DNA origami, the science of folding DNA molecules into specific shapes, has opened up an almost limitless number of possible nanostructures. However, stiffness is usually achieved by packing multiple helices into densely packed lattices, which is an inefficient use of material.
Thorsten Schmidt and colleagues, Technical University Dresden, Germany, folded DNA molecules into strong, lightweight triangular lattices using low-salt buffers that are compatible with cell culture environments. The cavities in the open frameworks are large enough to contain metallic nanoparticles and enzymes.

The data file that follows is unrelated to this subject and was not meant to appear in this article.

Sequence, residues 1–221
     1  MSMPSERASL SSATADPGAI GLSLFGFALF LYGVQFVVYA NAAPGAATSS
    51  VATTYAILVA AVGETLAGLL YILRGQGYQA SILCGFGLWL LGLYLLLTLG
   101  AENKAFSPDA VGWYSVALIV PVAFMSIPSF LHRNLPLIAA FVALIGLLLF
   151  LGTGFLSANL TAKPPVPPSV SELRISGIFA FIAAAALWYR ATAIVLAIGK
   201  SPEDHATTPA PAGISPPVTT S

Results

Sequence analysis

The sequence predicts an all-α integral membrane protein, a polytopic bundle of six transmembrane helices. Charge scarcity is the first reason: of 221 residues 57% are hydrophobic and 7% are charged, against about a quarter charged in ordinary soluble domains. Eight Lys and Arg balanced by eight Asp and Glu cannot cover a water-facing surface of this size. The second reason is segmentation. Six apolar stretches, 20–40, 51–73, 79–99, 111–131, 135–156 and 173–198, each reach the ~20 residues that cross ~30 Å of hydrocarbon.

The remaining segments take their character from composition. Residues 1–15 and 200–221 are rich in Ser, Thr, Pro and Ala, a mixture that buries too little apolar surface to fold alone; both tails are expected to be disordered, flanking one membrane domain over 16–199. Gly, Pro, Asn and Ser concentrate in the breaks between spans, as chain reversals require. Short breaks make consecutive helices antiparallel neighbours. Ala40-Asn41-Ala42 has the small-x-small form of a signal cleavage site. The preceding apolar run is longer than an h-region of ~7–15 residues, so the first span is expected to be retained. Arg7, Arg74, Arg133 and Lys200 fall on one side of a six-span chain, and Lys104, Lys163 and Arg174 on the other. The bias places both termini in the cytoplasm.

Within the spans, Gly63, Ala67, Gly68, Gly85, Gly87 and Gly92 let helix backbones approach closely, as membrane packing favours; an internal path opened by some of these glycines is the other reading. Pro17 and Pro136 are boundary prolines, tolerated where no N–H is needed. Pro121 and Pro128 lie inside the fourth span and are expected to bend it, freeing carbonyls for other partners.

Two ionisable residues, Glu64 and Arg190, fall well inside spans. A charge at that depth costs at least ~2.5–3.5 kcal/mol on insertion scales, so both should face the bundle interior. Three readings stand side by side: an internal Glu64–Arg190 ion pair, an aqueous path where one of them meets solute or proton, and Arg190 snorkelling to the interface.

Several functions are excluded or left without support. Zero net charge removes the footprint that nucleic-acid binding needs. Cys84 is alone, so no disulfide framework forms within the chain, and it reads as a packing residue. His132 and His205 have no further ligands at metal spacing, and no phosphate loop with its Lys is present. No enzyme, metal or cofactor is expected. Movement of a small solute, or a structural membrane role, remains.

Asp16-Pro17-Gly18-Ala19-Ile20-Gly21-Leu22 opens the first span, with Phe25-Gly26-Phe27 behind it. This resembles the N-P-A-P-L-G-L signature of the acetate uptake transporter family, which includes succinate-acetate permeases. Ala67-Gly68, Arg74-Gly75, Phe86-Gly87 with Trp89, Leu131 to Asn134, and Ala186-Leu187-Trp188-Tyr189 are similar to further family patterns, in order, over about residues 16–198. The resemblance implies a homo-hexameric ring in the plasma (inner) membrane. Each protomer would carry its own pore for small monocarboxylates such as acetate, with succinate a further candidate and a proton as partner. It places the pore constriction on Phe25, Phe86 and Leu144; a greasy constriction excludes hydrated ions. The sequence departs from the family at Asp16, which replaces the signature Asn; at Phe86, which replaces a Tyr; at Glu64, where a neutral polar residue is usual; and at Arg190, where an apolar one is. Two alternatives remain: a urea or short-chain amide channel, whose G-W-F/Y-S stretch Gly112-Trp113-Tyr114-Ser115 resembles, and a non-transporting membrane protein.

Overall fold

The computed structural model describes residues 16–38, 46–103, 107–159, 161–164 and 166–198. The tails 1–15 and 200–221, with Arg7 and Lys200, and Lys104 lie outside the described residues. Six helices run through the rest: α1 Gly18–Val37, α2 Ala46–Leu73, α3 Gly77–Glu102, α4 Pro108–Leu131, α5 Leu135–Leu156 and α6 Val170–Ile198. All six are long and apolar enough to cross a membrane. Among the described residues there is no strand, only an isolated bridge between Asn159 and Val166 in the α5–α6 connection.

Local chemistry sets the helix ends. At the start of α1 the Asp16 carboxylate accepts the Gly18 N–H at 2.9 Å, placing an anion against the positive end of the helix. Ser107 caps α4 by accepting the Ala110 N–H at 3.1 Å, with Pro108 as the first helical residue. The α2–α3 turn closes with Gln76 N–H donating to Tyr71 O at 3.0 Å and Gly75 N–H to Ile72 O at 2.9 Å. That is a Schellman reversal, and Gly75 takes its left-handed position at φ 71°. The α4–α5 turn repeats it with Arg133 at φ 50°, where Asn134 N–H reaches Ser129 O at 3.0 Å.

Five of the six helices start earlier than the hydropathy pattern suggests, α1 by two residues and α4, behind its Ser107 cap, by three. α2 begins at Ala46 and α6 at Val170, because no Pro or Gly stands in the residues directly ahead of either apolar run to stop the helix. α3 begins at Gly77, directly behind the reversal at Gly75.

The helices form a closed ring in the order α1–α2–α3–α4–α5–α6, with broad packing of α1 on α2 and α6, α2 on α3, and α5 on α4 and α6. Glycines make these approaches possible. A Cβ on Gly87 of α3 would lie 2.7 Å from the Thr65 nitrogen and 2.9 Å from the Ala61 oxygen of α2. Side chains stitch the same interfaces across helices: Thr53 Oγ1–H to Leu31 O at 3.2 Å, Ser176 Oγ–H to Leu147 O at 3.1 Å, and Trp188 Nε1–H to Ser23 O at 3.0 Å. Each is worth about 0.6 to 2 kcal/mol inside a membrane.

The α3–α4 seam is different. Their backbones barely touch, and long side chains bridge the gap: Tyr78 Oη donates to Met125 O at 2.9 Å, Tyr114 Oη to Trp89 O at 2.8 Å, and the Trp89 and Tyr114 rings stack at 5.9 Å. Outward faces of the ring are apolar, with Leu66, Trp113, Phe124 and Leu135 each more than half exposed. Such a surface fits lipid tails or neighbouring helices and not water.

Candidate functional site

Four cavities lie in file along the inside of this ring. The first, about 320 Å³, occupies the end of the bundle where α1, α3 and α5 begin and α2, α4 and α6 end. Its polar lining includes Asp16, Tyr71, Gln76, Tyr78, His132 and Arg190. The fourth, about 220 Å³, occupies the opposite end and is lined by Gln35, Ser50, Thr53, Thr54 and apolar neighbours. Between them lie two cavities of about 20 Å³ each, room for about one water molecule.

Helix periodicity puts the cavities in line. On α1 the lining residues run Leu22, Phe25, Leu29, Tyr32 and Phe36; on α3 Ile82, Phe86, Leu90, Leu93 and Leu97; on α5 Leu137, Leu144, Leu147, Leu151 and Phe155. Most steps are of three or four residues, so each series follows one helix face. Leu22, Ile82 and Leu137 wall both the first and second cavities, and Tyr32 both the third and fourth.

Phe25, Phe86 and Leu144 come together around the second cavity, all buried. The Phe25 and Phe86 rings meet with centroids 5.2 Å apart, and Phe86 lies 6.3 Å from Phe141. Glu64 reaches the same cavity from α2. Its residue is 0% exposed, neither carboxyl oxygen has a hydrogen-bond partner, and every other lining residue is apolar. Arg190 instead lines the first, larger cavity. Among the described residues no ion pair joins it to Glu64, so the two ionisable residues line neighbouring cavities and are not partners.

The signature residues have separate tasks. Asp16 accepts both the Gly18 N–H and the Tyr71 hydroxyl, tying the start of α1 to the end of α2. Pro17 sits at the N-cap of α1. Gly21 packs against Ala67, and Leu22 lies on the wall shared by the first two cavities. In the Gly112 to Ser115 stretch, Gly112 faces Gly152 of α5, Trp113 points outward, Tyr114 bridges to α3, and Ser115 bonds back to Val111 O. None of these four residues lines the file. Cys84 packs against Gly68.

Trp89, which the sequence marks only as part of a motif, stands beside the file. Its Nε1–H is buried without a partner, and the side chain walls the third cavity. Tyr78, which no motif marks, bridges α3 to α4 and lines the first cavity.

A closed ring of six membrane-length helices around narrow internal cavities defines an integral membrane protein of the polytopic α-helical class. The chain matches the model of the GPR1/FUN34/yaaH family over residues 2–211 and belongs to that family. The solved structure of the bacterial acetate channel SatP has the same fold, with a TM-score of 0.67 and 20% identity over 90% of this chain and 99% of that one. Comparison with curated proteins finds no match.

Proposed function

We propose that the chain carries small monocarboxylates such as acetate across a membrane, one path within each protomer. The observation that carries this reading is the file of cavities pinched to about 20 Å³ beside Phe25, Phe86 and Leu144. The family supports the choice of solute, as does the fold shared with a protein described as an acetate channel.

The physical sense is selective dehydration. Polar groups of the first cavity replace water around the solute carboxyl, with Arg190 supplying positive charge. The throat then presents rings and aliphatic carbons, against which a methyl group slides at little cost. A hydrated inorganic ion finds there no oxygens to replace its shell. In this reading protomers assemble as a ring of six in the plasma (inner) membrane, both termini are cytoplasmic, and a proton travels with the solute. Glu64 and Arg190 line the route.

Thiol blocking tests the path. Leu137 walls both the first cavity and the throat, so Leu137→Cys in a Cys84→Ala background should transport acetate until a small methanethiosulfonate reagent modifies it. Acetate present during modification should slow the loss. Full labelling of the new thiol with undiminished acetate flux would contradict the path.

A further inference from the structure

The researchers developed design software that finds the most efficient sequence for joining and folding DNA helices to produce the desired structure. This software uses a triangular grid template that is well suited to designing lightweight trusses made from networks of joined triangles. This is in contrast to existing programs with design structures based on dense bundles of helices grouped into patterns with hexagonal or square cross-sections. They then synthesized the most promising structures in the laboratory.
Future efforts will focus on controlling chirality, making ordered arrays of gold nanoparticles by wrapping flat DNA trusses around them, and folding single-stranded DNA to create periodic structures with minimal tile sets.
- Design and Synthesis of Triangulated DNA Origami Trusses,
Michael Matthies, Nayan P. Agarwal, Thorsten L. Schmidt,
Nano Letters 2016.